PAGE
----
The Politics of Laughter

One of my earliest debates of who or what is funny came when I was at secondary school, big up Soufriere Compre!,and a classmate said she didn’t find white folk funny. The blasphemy as I was an avid ‘Will and Grace’ fan at the time and I found it rambunctiously hilarious.This was one of the first times I really pondered on what others found funny and whether their ‘different humor’ should really count as humor.

I always juggle between black and white ideas of what’s funny. I loved Fresh Prince, Martin , Family Matters and their ilk but the comedy of my ‘old age’ Big Bang Theory and How I Met Your Mother(except for that dreadful series finale) are decidedly as white as snow. Was this a deliberate decision on my part? Not really I just didn’t connect with the black comedy on a TV level as before. Perhaps it was its Tyler Perry levels of just utter unlike-ability, I laughed but it lacked that edge and intellect. (News of a possible Fresh Prince reboot have me licking my lips).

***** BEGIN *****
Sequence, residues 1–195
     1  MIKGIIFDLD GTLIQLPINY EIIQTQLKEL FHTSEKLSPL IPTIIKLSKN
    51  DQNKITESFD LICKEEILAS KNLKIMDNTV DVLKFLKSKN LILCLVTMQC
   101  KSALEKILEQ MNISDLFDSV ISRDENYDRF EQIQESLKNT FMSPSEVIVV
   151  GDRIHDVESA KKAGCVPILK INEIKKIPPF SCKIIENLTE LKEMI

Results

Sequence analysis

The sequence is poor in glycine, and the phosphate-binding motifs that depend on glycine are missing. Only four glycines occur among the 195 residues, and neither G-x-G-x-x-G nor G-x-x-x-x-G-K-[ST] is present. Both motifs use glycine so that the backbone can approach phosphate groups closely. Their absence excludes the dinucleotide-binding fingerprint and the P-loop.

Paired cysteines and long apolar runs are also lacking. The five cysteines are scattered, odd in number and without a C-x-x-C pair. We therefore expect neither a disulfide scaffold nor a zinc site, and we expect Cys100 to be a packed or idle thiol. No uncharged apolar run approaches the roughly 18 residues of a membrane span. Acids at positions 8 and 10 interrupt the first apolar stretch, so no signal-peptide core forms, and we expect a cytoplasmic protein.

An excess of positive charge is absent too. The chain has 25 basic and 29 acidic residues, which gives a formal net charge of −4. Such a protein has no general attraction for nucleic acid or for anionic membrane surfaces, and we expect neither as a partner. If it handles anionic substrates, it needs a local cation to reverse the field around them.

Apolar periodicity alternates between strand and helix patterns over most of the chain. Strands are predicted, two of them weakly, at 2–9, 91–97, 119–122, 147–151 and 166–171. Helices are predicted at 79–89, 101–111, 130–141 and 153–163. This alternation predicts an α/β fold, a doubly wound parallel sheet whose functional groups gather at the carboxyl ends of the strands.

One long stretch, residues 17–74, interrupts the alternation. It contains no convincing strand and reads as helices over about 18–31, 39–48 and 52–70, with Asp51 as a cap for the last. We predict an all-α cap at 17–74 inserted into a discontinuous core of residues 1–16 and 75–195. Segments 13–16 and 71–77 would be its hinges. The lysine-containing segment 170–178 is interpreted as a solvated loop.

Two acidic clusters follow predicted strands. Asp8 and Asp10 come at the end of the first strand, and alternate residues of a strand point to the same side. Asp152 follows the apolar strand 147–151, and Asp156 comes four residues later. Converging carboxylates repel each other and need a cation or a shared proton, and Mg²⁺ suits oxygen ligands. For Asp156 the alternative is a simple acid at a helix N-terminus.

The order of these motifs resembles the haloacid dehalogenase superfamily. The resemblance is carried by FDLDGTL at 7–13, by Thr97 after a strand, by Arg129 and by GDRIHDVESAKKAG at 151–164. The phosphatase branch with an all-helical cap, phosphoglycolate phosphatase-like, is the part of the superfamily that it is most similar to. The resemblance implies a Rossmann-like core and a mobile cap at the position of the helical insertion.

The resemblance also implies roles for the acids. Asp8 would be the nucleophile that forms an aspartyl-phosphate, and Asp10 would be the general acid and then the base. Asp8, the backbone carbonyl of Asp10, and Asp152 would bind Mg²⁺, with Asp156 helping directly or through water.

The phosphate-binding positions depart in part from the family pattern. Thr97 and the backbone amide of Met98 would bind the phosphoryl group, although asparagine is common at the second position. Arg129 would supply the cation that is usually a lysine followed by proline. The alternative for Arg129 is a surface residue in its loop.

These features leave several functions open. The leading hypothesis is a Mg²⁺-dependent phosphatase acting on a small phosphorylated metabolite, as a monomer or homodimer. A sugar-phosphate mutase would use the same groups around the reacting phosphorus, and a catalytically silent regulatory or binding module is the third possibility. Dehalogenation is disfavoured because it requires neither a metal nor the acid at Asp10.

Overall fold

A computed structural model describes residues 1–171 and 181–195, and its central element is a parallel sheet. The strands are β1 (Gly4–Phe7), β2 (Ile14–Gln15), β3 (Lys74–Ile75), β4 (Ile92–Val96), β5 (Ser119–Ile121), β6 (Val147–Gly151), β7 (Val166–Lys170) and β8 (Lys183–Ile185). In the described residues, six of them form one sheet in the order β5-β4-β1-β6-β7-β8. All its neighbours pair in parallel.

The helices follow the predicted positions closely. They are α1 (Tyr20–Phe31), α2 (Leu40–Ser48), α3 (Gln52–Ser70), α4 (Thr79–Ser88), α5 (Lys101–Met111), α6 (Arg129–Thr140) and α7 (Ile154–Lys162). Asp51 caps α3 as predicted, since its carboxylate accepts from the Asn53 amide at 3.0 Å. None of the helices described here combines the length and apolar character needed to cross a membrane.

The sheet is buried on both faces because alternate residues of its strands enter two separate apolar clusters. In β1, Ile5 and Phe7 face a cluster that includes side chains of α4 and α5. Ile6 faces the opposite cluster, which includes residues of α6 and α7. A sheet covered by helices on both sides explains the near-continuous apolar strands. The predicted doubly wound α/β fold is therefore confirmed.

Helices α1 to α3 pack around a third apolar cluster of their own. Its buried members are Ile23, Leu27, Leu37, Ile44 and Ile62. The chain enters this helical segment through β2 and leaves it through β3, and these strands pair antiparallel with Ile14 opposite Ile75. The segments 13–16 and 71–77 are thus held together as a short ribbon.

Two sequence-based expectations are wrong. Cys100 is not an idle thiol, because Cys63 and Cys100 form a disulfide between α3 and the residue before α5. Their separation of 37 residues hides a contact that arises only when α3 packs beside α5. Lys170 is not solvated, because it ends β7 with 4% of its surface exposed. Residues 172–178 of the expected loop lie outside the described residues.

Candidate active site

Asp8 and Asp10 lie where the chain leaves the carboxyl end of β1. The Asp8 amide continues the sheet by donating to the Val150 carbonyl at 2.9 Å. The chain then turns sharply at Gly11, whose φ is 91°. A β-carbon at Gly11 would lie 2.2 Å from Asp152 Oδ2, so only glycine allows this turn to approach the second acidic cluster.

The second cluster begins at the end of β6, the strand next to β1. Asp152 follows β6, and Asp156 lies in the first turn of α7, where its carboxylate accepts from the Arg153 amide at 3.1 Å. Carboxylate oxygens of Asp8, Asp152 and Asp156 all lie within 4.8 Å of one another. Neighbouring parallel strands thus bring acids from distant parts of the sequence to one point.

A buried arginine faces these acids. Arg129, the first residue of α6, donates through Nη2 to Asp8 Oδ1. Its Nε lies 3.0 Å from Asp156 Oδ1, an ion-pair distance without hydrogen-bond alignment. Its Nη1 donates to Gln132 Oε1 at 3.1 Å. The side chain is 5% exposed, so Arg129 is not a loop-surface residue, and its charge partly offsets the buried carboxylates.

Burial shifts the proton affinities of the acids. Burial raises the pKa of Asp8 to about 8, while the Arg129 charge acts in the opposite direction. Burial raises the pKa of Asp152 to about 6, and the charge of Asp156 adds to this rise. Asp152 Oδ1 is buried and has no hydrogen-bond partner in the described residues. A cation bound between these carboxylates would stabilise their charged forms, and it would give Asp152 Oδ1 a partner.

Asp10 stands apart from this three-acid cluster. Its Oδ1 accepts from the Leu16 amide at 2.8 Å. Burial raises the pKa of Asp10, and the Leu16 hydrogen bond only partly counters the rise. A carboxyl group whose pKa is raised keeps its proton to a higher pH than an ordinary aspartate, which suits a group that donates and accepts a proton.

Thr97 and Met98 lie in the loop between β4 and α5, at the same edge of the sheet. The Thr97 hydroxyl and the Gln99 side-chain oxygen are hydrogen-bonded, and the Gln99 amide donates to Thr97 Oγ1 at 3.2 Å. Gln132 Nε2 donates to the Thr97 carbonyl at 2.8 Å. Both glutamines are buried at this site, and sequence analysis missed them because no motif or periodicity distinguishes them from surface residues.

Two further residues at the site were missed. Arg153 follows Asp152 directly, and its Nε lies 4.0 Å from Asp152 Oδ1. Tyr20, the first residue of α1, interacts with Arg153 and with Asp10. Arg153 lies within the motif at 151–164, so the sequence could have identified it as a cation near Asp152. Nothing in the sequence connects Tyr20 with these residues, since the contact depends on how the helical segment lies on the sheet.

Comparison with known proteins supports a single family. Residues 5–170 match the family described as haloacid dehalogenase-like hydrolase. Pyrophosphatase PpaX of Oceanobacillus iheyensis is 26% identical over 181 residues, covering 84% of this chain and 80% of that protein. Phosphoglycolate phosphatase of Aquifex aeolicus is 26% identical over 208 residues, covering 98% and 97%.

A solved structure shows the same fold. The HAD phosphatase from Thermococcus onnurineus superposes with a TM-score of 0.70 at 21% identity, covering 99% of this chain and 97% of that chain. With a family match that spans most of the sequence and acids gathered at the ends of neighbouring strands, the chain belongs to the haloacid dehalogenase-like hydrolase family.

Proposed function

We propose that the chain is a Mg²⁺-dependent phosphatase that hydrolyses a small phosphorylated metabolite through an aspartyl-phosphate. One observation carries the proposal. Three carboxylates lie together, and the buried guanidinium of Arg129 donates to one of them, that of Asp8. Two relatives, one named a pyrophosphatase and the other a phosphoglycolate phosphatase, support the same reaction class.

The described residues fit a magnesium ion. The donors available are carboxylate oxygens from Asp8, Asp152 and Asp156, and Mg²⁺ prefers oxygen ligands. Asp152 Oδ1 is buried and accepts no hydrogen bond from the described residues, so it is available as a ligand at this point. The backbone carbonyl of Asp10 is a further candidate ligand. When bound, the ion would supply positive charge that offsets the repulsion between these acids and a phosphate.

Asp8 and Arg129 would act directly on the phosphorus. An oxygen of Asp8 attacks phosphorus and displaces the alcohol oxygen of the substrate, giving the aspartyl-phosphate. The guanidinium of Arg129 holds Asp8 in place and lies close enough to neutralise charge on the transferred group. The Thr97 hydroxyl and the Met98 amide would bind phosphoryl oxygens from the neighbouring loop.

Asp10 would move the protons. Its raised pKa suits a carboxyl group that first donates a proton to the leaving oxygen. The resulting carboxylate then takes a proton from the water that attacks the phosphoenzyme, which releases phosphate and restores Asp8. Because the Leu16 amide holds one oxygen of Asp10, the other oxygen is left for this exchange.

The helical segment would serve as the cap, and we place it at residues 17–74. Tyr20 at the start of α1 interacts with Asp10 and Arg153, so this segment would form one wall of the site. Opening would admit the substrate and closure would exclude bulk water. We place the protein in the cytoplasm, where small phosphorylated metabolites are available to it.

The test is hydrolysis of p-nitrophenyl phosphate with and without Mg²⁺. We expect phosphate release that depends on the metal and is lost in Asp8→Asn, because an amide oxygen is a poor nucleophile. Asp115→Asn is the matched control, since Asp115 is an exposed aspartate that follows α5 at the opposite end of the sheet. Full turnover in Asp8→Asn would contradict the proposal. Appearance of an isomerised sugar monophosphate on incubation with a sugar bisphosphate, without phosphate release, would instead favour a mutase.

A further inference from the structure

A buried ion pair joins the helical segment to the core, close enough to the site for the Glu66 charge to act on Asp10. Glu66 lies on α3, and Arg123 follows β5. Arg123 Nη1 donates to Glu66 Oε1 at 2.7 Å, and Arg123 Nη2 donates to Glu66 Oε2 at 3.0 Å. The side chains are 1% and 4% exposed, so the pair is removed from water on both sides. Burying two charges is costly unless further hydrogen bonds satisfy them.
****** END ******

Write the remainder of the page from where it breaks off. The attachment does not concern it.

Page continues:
As I grow older I learn that yes I still love cartoons and slightly immature jokes and humor but at the other spectrum my humor has grown to include biting satire and scathing parody. I count the heathen Bill Maher, The two John’s , Stewart and Oliver,Donald Trump, Larry Wilmore,IWN ( as my go to laughter trigger whenever the blues hit me.

Which is not to say that other things don’t amuse me or arouse my tickle bone. I just find a serene pleasure in them.


One thought on “The Politics of Laughter

  1. Pingback: The Politics of Laughter | The Procrastinator's Library

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